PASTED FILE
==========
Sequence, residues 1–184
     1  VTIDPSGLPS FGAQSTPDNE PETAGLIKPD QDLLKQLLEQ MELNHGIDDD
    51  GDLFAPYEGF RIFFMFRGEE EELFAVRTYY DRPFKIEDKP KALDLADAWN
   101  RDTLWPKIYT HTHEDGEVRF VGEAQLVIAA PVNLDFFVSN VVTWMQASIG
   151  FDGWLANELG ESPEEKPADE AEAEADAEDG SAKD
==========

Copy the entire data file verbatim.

Sequence, residues 1–184
     1  VTIDPSGLPS FGAQSTPDNE PETAGLIKPD QDLLKQLLEQ MELNHGIDDD
    51  GDLFAPYEGF RIFFMFRGEE EELFAVRTYY DRPFKIEDKP KALDLADAWN
   101  RDTLWPKIYT HTHEDGEVRF VGEAQLVIAA PVNLDFFVSN VVTWMQASIG
   151  FDGWLANELG ESPEEKPADE AEAEADAEDG SAKD